2. Copy the Eagle board (.brd) file to this directory.
  3. Open Eagle (version 6.1)
  4. Select menu item "file/open/CAM job"
  5. The open file dialog appears, defaulting to the Eagle
...
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Old

Audio op amp comparison NE5534A vs. OPA134

Posted 10th February 2012 at 11:49 PM by rjm
Updated 11th February 2012 at 03:48 AM by rjm

Finally got around to some more comparison listening with the Sapphire headphone amplifier. To recap: the circuit has an open loop diamond buffer output, so the op amp is just providing voltage gain. It configured for a non-inverting gain of 21 dB to match my 300 ohm HD600 headphones. Pretty much textbook operating conditions.

The op amp inputs are impedance balanced at about 1 kohm. This is about the crossover point where you start thinking about using FET input stages, but BJTs should still be fine.

I'm interested to see if there is a definite signature to a FET-input opamp. The original build called for an OPA134, which is a JFET input circuit. I tried the OPA27, which is a low-noise, high-input-current BJT design, and last night I tried the NE5534A, a classic general purpose audio opamp with bipolar inputs.

I've long been in agreement with Douglas Self on the NE5532/NE5534 : anyone who reports these op amps sound bad is either not using...
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Old

RJM Z-reg + Pass B1

Posted 4th February 2012 at 12:53 AM by rjm
Updated 4th February 2012 at 01:01 AM by rjm

I was asked to suggest a voltage regulator for the First Watt (Pass DIY) B1 buffer. One thing led to another and the next thing I'd sketched up a circuit board for the buffer as well as the regulator.

It's like a B-board, but with the JFET buffer instead of the diamond buffer, and with a single supply and, hence, the coupling caps front and back. Since it's using JFETs for the buffer I used a JFET for the pass device in the regulator, too.

Full credit to Nelson Pass for his design.

Eagle files do not show 2SK170 because the package is not in Eagle. All transistors 2SK170 or equivalent. Zener is 18-22V DO35 or DO41 i.e. Vishay BZX85. V++ is 5-15 V above whatever you select the Zener reference to be.
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Old

The Z-reg

Posted 1st February 2012 at 11:58 PM by rjm
Updated 2nd April 2012 at 03:02 AM by rjm

This is a followup of sorts to the X-reg, though there is nothing original about the circuit this time around.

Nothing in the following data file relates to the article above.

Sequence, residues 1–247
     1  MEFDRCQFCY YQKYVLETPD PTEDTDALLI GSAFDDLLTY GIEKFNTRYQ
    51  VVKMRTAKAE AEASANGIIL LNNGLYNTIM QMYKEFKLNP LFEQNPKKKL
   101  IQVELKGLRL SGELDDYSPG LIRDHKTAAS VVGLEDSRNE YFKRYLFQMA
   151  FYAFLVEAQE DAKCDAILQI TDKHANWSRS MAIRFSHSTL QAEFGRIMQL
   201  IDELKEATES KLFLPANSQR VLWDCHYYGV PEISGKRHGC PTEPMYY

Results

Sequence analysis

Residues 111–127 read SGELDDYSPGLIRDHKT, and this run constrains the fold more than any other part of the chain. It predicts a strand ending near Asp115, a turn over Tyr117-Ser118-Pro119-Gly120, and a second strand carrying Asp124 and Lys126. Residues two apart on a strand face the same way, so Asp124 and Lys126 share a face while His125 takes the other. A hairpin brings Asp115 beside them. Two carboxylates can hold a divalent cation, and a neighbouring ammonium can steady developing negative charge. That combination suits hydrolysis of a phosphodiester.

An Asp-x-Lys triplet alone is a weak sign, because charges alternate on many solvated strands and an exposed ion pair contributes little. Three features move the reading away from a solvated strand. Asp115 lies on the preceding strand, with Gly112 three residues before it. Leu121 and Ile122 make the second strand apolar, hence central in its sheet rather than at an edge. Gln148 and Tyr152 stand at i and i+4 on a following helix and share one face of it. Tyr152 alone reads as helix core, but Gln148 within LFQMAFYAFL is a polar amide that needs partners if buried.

It's just a Zener voltage regulator with a series pass transistor. I lifted this particular configuration from the Pionner C-21 preamplifier and re-tuned it for op amp applications. My main interest here is trying to make a small and convenient board layout.

I've used this circuit block already in the Sapphire amp and come away impressed.

The output is about 1 V less than the Zener voltage, and the input voltage should be about 3-6 V above the Zener reference voltage. I'm working here with 17 V unregulated supply and 12 V Zeners, but the values can be reconfigured easily enough for any output from 4-24 V

This is a low current circuit. If you are just powering a few op amps, no heatsinks are needed. Above 25 mA small heatsinks are a good idea. The circuit is not designed for output currents above 100 mA.
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Old

Current Feedback Amplifier

Posted 31st January 2012 at 06:15 AM by rjm
Updated 31st January 2012 at 06:22 AM by rjm

Found this today: DC Coupled Amplifiers for Audio from an 11 year old web page by one Knut Harald Nygaard.

I've taken some minor liberties with the circuit, shown in the second, color image below. Replaced the current sources with resistors and moved the output buffer out of the feedback loop.

Note the resultant double symmetry of the dual-diamond buffer topology, highlighted in blue.
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Old

Whither Next for RJM Audio?

Posted 26th January 2012 at 01:22 AM by rjm
Updated 1st February 2012 at 09:20 AM by rjm

On the occasion of selling the 100th and last VSPS Stereo Kit, it's time to consider what direction(s) RJM Audio will take over the next little while.

A. A minor revision of the stereo VSPS board is planned. Just a point release to address feedback I received over the last couple of years. Point release on current boards (Phonoclone 3, VSPS 300, Sapphire) expected when I deplete existing stock and have to re-order.

B. Since my circuit designs are essentially modular (the voltage regulation of the Sapphire headphone amp could be used with the Phonoclone, the output stage of the Sapphire could be detached and used on the output buffer on the VSPS...) I'm going to work on bringing that vision to a concrete reality by developing "swap-in swap-out" circuit boards... like those toys where you can change out the head, body and legs of a character to make many variations.
  1. X-reg board
  2. Zener reg board
  3. basic op amp gain block board
  4. VSPS and
...